Ronald Bordessa, former dean of York’s Atkinson Faculty of Liberal & Professional Studies, has been named president of Ontario’s newest university, the University of Ontario Institute of Technology (UOIT). He will become one of four presidents of Canadian universities who gained major administrative experience at York.
Currently vice-president academic and provost at Royal Roads University in Victoria, BC, Bordessa will officially assume his new position in July, replacing founding UOIT president Gary Polonsky. The Oshawa-based university began operations in 2003 and has 3,000 students.
“All of Ron Bordessa’s colleagues at York will join me in welcoming him back to Ontario and wishing him well,” said York President & Vice-Chancellor Lorna R. Marsden. “He joins other distinguished presidents from York, including Michael Stevenson at Simon Fraser University, Tom Traves at Dalhousie and Sheldon Levy at Ryerson.”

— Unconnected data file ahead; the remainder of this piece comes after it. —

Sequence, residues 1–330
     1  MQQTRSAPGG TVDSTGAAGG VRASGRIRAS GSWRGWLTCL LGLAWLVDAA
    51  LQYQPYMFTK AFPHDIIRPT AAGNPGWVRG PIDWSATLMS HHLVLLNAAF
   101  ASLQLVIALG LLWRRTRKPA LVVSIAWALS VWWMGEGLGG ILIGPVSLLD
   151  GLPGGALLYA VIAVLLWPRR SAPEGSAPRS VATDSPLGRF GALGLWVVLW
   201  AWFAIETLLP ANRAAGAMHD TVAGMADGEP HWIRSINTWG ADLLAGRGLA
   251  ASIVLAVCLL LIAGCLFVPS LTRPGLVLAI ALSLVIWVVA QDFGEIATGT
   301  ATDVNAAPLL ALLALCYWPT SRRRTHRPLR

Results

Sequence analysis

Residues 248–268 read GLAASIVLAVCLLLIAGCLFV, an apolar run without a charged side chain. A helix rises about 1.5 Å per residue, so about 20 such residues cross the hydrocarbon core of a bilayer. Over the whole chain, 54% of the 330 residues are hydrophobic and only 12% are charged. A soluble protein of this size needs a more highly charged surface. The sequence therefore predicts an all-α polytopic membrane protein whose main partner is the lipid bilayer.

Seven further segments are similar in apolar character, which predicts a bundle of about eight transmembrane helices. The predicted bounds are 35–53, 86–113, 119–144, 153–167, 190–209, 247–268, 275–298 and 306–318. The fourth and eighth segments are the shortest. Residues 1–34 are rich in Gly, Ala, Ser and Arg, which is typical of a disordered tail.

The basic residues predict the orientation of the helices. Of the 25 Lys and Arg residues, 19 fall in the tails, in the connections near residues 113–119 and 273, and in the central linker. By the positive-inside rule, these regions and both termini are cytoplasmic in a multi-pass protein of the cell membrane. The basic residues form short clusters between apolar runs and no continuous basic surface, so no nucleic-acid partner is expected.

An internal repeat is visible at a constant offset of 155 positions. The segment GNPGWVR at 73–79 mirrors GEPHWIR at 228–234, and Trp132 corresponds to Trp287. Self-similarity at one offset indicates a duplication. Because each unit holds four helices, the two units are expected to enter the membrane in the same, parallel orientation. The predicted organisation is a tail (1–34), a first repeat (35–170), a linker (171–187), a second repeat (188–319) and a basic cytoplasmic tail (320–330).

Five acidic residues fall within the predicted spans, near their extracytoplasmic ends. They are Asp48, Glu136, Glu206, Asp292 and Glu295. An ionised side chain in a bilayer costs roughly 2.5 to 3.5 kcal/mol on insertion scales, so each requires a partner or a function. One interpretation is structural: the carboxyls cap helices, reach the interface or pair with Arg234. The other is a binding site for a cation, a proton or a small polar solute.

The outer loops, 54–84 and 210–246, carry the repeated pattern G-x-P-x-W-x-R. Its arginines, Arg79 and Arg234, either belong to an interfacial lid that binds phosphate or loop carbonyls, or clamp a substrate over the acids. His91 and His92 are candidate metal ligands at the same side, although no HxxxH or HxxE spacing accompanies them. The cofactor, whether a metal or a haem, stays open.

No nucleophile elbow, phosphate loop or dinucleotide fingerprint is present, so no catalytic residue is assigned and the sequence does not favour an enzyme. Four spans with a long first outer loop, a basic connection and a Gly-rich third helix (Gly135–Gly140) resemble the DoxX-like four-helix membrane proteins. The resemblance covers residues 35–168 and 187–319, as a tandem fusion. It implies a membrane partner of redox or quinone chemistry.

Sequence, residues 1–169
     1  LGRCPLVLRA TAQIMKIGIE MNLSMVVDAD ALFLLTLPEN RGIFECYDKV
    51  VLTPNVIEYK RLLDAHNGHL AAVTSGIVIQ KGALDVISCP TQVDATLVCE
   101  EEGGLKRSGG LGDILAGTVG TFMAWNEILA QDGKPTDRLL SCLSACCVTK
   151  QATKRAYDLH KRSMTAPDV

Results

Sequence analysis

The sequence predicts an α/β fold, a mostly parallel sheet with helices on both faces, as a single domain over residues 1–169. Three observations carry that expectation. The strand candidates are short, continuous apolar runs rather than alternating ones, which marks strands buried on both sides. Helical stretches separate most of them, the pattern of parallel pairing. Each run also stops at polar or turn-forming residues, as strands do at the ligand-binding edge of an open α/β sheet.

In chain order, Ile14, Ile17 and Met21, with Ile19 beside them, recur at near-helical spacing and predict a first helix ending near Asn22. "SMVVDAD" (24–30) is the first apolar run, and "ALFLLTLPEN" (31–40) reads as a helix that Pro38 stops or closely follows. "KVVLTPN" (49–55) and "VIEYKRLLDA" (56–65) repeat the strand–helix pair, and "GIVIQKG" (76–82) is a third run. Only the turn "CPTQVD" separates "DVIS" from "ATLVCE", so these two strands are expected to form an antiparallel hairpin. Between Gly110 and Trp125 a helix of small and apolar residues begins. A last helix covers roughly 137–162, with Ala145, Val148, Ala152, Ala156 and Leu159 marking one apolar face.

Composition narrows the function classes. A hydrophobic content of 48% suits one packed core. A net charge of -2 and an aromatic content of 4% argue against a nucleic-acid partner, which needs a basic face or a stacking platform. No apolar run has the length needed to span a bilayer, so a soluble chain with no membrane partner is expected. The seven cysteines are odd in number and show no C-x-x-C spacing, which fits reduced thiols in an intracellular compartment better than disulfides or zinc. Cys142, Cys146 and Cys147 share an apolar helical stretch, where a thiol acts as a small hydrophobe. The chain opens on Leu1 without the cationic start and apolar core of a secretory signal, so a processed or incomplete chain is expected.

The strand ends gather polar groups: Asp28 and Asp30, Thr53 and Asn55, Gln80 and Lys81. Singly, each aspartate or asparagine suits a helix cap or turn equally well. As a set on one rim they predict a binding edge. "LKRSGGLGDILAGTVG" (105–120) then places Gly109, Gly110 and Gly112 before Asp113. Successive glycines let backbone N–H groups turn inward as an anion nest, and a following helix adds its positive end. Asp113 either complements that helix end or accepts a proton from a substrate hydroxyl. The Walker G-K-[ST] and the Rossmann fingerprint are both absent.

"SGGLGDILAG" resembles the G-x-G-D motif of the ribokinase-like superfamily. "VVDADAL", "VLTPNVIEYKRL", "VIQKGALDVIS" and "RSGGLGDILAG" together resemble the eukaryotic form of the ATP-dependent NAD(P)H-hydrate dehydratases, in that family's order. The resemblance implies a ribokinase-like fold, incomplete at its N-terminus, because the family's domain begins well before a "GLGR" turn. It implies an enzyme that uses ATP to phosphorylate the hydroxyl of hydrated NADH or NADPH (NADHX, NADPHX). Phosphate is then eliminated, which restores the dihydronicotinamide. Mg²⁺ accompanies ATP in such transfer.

Ronald Bordessa during his time at York
Born in Wales, with a PhD in geography from Liverpool University, Bordessa began his postsecondary career in the Geography Department of the old Atkinson College at York, teaching at both the undergraduate and graduate levels. He devoted more than 30 years of service to York and was appointed to various academic administrative positions including program coordinator, Urban Studies; department Chair, Geography, and Social Work; and associate dean and dean of Atkinson College, renamed the Atkinson Faculty of Liberal & Professional Studies during his tenure in 2000. He also produced books and research papers covering many aspects of social life in urban areas, as well as essays on literary studies, environmental issues and the politics of land development. He joined Royal Roads in 2001.
“I am delighted to have the opportunity to lead UOIT and feel fortunate to bring to it lessons learned from the universities I have been proud to serve,” said Bordessa.
Among the other “York” presidents, SFU’s Stevenson was vice-president academic affairs and provost at York for seven years, Dalhousie’s Traves served as a York dean of arts and Ryerson’s Levy was vice-president institutional affairs.